Case Note: Rebutting an intention to dedicate a public right of way


Courtesy of


'The basis of prescription is that if long enjoyment of a light is shown, the court will strive to uphold the right by presuming that it had a lawful origin.'1 This too is the basis of inferred dedication of a public right of way. The user does not establish the right but is taken as evidence that there was a grant of a private right ofway ora dedication oi a public right of way.

The difficulties of applying these fictions at common law were tackled, not entirely satis¬factorily, by the Prescription Act 1832 and by the Rights of Way Act of the same year for private and public rights respectively.

Godmanchester and Drain were concerned with s. 31 of the Highways Act 1980 which, in turn, was derived from the Rights of Way Act 1832. Section 31(1) of the Highways Act 1980 provides:

Where a way over any land ... has been actually enjoyed by the public as of right and without interruption for a full period of 20 years, the way is deemed to have been dedicated as a highway unless there is sufficient evidence that there was no intention during that period2 to dedicate it.

The period of 20 years is calculated:

retrospectively from the date when the right of the public to use the way is brought into question, whether by a notice such as is mentioned in subsection (3) below or otherwise.3

1  Megarry & Wade, The Law of Real Property 6th edition, 121.
2  Words in bold are referred to subsequently in the text.
3  Highways Act 1980, s. 31 (2).

In other words, in order to presume a dedication of a public right of way there are three essential elements: 20 years’ user as of right by the public, a bringing into question of the right of way from which to calculate the 20 years and no evidence of lack of intention to dedicate.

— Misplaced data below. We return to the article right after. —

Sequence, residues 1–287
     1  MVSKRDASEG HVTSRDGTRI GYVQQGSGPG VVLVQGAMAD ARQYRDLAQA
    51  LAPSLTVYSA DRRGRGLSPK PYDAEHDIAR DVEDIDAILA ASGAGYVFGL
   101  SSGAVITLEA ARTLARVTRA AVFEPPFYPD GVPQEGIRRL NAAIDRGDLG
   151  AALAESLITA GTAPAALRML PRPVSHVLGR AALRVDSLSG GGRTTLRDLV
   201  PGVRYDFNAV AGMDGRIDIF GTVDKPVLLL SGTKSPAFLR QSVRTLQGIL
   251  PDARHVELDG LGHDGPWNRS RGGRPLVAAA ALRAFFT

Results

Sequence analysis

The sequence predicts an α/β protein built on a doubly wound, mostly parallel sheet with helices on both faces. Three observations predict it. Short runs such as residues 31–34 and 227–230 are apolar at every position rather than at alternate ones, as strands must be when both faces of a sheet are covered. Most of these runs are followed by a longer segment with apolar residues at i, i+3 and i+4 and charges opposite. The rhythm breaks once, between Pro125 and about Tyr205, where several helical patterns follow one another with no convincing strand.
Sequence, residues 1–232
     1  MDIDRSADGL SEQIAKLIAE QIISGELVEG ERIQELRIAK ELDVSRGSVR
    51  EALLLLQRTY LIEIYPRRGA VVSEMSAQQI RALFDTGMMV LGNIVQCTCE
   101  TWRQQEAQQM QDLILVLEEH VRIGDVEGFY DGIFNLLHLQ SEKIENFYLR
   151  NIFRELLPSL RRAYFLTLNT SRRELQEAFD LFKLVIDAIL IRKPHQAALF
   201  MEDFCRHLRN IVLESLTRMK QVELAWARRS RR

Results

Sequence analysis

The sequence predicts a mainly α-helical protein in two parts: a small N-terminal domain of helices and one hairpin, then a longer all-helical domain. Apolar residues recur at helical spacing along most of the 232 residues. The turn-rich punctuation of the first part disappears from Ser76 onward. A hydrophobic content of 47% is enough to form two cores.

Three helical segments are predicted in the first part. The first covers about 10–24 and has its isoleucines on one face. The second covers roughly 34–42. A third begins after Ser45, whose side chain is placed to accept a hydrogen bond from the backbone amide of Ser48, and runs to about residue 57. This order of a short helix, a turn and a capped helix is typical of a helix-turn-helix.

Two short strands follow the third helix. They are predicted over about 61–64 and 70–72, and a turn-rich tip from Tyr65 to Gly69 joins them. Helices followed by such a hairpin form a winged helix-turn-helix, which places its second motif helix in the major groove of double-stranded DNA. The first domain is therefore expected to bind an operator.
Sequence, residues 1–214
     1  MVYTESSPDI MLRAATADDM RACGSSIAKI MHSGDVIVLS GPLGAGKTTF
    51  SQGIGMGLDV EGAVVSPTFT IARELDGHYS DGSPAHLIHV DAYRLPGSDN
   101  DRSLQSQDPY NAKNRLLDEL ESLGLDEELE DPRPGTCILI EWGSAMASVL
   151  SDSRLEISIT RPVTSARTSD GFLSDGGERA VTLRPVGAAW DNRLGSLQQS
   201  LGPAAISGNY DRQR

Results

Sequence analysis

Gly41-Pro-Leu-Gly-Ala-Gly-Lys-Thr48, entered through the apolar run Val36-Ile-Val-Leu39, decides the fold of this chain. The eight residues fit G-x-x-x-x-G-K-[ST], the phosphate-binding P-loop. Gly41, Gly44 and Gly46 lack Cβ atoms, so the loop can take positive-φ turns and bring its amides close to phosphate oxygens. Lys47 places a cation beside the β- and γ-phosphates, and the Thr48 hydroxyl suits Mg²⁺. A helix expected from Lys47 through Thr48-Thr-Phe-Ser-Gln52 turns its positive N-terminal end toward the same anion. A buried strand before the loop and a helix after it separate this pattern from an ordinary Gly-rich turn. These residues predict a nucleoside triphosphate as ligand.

As of right means without force, secrecy or permission. The subjective belief of the users themselves of their rights is immaterial. This point has been firmly established by the House of Lords in the case of R v Oxfordshire County Council and Anor ex p. Sunningwell Parish Council.4

Lord Hoffmann said:

A person who believes he has the right to use a footpatli will use it in the way in which a person having such a right would use it. But user which is apparently as of right cannot be discounted merely because, as will often be the case, many of the users over a long period were subjectively indifferent as to whether a right existed, or even had private knowledge that it did not.


Denning LJ previously explained this requirement as follows:

I think that in order for the right of the public to be 'brought into question', the landowner must challenge it by some means sufficient to bring it home to the public that he is challenging their right to use the way, so that they may be apprised of the challenge and have a reasonable oppor¬tunity of meeting it....

But whatever the public do, whether they oppose the landowners action or not, their right is 'brought into question' as soon as the landowner puts up a notice or in some other way makes it clear to the public that he is challenging their right to use the way....

If the landowner merely turned back one stranger on an isolated occasion, that would not, I think, be sufficient to make it clear to 'the public' that they had no right to use it. He ought at least to make it clear to the villagers of Bossington, Houghton and Horsebridge. They were the members of the public most concerned to assert the right, because they were the persons who used the path.

We ought to assume that in 1931 when the landowner turned back strangers, he did it in so open and notorious a fashion that it was made clear, not only to strangers, that they had no right to use the path, but also to local residents, that they only used it by tolerance of the owner.5

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